Before you move forward with an Amazon instance, you may want to explore installing WordPress at Digital Ocean (this site runs at Digital Ocean). I’ve recently decided to switch to Digital Ocean because of their low $5 per month pricing and fast solid-state digital (SSD) drives. In general, DO is simpler and cheaper than Amazon.
Create Your Amazon EC2 Server Instance
- 1 Welcome
- 2 Estimating Costs
- 3 Sign Up for Amazon Web Services
- 3.1 Sign Up to Install at Digital Ocean
- 4 Create Your Amazon EC2 Server Instance
- 5 Secure Your Instance
- 6 Installing WordPress
- 7 Installing Varnish Cache
- 8 Installing W3 Total Cache
- 9 Activating Amazon CloudFront
- 10 Installing Themes and Plugins
- 11 Performance Optimization
- 12 Useful Links
- 13 What’s Not Covered
Now that you have an account, you can log in to the AWS Console to create your new virtual server. Click the EC2 link shown in the dashboard below.
Choosing Between a Micro or Small Instance
If you want to run a lightly trafficked WordPress site, a micro instance will likely work well for you. If you’re new to AWS, you should be able to run your blog in their free usage tier for one year. If you buy a three year reserved micro instance for $100, you can reduce the total monthly fee to $6.44. With a micro instance, you’ll need to set up a swap file (described later) which can generate some minor additional costs and should occasionally be monitored.
If you think your blog’s popularity and complexity will pick up quickly, you may want to start with a small instance, which costs $43.92 monthly. If you purchase a three year reserved small instance for $300, it can be reduced to $9.62 monthly (total adjusted monthly rate of $17.95). Read more about pricing and estimating costs.
Click the Launch Instance button shown below to start the create instance wizard. If you do not expect significant traffic on your blog, select an Ubuntu 12.xx (64 bit) Micro instance. When you reach the page for Configure Firewall, add a security rule to allow HTTP traffic on port 80:
During the process, the wizard will download a private key to your computer’s Downloads directory.
Login Remotely to Your Server Instance
Now, you’re instance is ready for you to login remotely via SSH. Open Terminal on your computer. Move the downloaded key to your SSH key directory and set the permissions:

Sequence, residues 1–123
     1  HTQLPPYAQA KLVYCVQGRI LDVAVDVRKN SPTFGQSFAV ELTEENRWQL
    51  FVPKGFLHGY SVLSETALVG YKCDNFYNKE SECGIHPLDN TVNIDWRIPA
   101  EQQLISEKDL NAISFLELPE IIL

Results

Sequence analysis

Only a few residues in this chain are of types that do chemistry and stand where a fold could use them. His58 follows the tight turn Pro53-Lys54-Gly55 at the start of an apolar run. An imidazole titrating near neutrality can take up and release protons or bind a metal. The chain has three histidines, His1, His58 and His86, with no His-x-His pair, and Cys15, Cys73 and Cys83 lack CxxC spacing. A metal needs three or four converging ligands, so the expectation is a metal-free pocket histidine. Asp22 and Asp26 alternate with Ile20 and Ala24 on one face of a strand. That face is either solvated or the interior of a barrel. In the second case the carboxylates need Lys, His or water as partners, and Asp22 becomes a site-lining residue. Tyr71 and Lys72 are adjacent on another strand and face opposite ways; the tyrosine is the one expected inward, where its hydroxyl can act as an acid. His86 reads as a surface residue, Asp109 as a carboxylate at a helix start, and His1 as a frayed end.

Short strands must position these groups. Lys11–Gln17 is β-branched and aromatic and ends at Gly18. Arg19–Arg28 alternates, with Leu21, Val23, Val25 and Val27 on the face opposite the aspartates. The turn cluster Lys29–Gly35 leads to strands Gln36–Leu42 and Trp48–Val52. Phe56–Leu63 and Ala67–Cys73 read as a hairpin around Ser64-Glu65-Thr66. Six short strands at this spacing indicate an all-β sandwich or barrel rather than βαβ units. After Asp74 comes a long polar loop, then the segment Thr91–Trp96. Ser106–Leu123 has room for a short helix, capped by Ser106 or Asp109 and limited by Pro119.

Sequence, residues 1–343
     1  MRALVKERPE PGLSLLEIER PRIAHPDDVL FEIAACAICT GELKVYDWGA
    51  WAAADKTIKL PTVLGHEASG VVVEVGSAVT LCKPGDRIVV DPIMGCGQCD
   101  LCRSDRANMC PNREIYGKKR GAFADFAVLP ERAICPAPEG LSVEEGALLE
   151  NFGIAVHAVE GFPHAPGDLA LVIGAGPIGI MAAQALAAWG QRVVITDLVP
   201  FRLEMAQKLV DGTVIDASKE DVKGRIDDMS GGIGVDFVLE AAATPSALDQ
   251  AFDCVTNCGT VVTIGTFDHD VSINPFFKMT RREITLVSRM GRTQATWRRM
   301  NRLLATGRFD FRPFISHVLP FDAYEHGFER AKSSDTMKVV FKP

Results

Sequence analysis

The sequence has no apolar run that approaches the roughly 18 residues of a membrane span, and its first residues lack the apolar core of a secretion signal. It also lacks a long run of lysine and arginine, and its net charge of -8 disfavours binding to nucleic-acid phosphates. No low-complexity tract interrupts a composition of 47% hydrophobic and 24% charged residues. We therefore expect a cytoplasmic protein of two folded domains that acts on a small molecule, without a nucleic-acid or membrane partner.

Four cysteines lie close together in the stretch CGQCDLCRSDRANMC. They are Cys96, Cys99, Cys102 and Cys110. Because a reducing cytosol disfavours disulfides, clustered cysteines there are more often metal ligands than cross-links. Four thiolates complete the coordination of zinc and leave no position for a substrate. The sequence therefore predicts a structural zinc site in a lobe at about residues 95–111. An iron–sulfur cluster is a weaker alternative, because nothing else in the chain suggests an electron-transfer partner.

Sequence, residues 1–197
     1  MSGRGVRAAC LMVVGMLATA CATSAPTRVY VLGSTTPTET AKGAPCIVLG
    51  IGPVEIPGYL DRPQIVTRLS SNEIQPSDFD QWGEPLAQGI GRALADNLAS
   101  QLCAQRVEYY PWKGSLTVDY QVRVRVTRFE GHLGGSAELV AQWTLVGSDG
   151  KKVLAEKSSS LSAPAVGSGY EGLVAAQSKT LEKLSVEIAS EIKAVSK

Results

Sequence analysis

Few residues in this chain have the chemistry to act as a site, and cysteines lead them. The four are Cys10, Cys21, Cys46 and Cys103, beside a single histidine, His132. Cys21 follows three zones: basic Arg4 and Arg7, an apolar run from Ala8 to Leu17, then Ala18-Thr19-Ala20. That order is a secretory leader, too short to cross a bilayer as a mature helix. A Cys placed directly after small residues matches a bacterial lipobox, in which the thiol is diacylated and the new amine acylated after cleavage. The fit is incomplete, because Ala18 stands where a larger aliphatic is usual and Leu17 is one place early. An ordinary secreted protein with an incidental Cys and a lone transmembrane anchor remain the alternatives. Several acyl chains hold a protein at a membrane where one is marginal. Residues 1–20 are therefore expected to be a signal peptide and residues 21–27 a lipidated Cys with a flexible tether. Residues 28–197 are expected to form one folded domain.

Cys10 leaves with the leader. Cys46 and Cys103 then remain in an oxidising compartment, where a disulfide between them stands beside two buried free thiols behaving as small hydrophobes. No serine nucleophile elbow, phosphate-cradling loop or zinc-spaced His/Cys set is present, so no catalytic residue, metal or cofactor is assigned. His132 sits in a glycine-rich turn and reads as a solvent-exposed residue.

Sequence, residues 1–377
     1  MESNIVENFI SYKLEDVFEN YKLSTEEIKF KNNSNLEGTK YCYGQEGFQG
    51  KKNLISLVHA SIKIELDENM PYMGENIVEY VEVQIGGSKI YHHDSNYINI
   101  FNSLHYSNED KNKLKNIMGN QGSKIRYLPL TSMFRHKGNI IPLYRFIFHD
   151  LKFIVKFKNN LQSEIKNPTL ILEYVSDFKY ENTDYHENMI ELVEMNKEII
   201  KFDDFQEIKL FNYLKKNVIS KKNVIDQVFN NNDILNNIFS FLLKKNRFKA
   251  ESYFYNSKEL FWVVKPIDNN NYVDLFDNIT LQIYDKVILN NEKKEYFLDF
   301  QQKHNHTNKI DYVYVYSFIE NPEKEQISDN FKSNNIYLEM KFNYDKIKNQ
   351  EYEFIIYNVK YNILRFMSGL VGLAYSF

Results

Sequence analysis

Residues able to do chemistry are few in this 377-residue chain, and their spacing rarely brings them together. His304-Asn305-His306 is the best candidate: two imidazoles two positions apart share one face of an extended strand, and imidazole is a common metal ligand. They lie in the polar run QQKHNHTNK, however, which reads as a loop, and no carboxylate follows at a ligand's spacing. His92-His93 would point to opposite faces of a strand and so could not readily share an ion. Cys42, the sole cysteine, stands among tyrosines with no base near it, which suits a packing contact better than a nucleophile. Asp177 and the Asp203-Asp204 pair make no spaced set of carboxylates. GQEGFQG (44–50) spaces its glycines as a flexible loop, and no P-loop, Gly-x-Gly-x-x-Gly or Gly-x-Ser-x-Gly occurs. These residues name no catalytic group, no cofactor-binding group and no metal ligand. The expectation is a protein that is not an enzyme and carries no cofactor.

mv ~/Downloads/wordpress.pem ~/.ssh chmod 400 ~/.ssh/wordpress.pem
Copy the URL for the instance from the console e.g. ec2-75-101-173-192.compute-1.amazonaws.com (see below):
From Terminal, try to connect via SSH:
ssh -i ~/.ssh/wordpress.pem email@example.com
If you’re using Windows, you’ll need to use PUTTY to connect.
If you still have trouble, you can connect through Amazon’s Console on the EC2 Instance list:
It should look something like this when you connect:
Set Up an Elastic IP Address
Now, it’s time to associate a public IP address with your instance so that you can map your domain name e.g. yourdomain.com to your WordPress site. From the EC2 Dashboard left sidebar, click on Elastic IPs. Then, click Allocate New Address. Amazon provides one free Elastic IP per running instance.
As shown below, you’ll then have to associate the new elastic address with the instance you created.
The address with which you remotely login via SSH will now have changed to reflect your elastic IP address (replace the x’s with your new elastic IP):
ssh -i ./wordpress.pem firstname.lastname@example.org
This may also work:
ssh -i ./wordpress.pem email@example.com
Configure Your Domain Name
Now, you can begin the process of mapping your domain name e.g. yourdomain.com to your future WordPress site. Visit your domain registrar’s DNS settings and change the A record for your yourdomain.com to the new IP address e.g. 22.214.171.124
Wait until your DNS changes propagate (sometimes up to 24 hours or more – check them here), try to connect via SSH using your domain:
ssh -i ./wordpress.pem firstname.lastname@example.org
In the meantime, you should be able to continue setting up other parts of your site. Next step is Securing Your Instance.